Lessons: Isaiah 45:20-25, 1 Thessalonians 4:1-7, Matthew 15:21-28
Hymns: LSB 756, 615, 760, 420, 422, 575
Grace, mercy, and peace to you from God our Father and our Lord and Savior, Jesus Christ. Amen.
Last week we heard Jesus being tempted by the Devil. One temptation Jesus faced was when Satan took some words of Scripture out of context, omitting some of it (Ps. 91:11-12, Matt. 4:6). Satan still twists words of Scripture as he attempts to confuse God’s people.
As Lutherans, we have a teaching called the Perspicuity of Scripture, which means we believe the Scriptures are clear. Yes, there are some passages we cannot interpret. But most of the Bible is clear enough for the average person to understand. After all, shouldn’t we boldly confess that the Holy Spirit is the clearest author of all time? We do not blame God when we don’t understand Holy Writ.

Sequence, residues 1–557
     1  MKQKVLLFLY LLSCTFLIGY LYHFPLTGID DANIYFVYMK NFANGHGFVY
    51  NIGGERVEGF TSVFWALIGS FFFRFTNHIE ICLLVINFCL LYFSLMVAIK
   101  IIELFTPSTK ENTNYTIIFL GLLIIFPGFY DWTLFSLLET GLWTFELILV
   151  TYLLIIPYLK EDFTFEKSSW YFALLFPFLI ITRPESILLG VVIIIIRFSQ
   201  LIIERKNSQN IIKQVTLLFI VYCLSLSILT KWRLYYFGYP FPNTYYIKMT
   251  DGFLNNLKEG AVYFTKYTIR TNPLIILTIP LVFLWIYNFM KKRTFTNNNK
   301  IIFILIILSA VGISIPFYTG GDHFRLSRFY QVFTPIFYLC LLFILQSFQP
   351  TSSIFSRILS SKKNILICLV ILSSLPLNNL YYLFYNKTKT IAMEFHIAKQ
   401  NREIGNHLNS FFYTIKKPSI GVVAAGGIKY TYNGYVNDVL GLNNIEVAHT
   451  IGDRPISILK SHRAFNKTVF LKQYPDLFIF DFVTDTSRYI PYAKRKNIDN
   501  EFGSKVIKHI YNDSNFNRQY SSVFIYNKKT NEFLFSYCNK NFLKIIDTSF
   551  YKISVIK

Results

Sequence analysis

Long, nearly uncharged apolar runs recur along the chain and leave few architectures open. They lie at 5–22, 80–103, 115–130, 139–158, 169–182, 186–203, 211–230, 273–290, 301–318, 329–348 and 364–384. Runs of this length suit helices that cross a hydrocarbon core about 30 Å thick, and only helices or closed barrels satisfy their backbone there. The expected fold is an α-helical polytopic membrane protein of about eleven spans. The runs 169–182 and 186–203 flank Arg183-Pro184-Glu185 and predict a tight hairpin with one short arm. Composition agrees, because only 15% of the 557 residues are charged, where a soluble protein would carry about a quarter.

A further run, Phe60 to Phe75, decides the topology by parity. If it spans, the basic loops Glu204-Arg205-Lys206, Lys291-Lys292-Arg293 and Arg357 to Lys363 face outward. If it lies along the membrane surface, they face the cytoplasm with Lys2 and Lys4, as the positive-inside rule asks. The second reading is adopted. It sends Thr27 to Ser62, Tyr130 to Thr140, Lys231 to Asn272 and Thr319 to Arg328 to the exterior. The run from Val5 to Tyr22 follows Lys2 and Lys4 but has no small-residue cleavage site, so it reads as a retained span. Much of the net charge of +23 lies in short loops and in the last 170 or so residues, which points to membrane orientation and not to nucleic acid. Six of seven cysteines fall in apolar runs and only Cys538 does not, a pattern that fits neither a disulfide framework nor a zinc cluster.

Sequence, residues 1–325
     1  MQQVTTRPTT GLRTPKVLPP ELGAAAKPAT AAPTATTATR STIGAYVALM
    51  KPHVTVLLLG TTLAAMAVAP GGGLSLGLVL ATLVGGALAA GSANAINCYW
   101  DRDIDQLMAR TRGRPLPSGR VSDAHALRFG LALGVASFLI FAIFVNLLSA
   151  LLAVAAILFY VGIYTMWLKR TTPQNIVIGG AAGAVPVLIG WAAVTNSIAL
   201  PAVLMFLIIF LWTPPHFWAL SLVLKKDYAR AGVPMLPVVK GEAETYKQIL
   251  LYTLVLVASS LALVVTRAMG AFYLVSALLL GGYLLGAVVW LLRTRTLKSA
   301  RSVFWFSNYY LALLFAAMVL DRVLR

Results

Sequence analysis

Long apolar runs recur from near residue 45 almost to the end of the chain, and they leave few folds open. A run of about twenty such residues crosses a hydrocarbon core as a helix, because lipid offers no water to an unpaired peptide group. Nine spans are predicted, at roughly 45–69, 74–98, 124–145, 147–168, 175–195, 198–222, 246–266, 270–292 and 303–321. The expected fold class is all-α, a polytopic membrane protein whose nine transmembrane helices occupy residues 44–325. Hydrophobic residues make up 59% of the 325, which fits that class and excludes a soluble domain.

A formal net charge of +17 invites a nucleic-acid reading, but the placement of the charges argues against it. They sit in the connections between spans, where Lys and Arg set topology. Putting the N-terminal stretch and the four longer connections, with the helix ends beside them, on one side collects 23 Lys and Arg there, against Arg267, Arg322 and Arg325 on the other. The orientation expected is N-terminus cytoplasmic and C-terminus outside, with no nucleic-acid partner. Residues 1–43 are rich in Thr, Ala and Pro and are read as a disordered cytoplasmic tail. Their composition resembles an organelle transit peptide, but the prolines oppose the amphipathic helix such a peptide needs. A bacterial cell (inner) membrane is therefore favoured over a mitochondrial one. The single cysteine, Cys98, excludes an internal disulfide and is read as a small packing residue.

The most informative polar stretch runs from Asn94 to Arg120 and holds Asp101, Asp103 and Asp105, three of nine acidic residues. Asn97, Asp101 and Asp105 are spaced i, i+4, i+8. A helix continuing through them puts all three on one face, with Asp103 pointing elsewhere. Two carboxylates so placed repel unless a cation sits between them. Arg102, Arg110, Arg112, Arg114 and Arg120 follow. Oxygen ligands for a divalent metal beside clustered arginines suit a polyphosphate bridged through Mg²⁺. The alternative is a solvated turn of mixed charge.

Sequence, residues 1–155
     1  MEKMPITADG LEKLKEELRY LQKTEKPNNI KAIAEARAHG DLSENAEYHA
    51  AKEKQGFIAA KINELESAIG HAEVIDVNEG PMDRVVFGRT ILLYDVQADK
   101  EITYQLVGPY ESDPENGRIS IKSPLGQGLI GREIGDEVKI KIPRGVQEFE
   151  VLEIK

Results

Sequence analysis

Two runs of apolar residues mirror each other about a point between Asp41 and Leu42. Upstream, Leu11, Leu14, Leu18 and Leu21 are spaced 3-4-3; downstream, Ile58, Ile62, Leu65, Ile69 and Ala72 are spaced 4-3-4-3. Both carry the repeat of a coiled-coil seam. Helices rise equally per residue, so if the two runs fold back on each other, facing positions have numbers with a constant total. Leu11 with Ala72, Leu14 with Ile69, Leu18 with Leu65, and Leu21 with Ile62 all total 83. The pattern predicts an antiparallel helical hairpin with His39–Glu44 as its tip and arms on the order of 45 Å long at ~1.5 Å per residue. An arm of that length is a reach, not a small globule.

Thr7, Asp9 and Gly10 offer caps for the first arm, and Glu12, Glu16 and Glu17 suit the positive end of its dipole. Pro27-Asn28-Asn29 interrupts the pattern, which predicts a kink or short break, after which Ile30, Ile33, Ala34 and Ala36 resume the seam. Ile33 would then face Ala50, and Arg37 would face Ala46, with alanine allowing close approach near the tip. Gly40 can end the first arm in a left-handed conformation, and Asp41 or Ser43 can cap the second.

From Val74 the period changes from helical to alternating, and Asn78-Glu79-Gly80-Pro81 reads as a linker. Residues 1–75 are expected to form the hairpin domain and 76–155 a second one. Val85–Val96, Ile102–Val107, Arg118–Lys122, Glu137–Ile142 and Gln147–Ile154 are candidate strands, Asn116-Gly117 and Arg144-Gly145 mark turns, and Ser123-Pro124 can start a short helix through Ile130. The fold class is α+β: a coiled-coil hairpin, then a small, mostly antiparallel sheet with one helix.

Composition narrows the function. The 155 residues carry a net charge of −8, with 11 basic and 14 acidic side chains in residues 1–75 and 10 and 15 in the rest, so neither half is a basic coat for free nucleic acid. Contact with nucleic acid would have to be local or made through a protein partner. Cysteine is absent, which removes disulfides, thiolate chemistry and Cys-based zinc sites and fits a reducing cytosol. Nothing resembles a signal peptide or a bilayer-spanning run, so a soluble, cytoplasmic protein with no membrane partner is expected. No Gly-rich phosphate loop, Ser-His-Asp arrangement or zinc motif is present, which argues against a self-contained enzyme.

Often God teaches things that are very clear, but we don’t want to agree with them, so we dismiss those teachings as unclear. Our Epistle gives a great example. In it, we are taught not to commit adultery. God clearly teaches that He is an avenger to those who break this commandment. Yet, many are comfortable with ignoring this very clear passage and asserting that each person may do what he wishes with his own body. Wrong! God, who made us, teaches that sexual relations are to be reserved only for one man and one woman in the bonds of marriage. Everything else is sin. We cannot do as the Devil did. That is, we cannot twist the Word of God to suit our own opinions. As God’s children, we submit to His teaching on this matter.